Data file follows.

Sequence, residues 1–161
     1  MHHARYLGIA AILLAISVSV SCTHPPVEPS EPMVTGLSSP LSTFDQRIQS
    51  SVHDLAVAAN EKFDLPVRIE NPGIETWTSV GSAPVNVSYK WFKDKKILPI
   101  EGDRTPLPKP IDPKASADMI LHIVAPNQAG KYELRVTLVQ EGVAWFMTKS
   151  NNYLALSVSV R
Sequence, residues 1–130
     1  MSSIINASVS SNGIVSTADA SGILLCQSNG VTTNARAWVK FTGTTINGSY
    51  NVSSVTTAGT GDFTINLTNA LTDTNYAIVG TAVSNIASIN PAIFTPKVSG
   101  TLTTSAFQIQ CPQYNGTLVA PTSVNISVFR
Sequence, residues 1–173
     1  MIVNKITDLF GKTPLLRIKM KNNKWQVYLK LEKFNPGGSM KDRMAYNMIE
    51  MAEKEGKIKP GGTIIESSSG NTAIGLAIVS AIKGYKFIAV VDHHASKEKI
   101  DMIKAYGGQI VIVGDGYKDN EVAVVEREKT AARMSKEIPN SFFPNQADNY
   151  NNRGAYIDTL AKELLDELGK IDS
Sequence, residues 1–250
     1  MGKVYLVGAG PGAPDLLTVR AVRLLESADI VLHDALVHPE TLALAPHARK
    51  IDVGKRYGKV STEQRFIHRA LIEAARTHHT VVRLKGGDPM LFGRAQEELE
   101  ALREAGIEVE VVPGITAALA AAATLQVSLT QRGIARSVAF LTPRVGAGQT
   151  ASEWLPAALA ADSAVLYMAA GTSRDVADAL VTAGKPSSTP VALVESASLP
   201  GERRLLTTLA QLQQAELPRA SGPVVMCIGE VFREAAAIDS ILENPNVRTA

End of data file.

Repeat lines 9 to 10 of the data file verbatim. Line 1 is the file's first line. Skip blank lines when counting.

   101  TLTTSAFQIQ CPQYNGTLVA PTSVNISVFR
Sequence, residues 1–173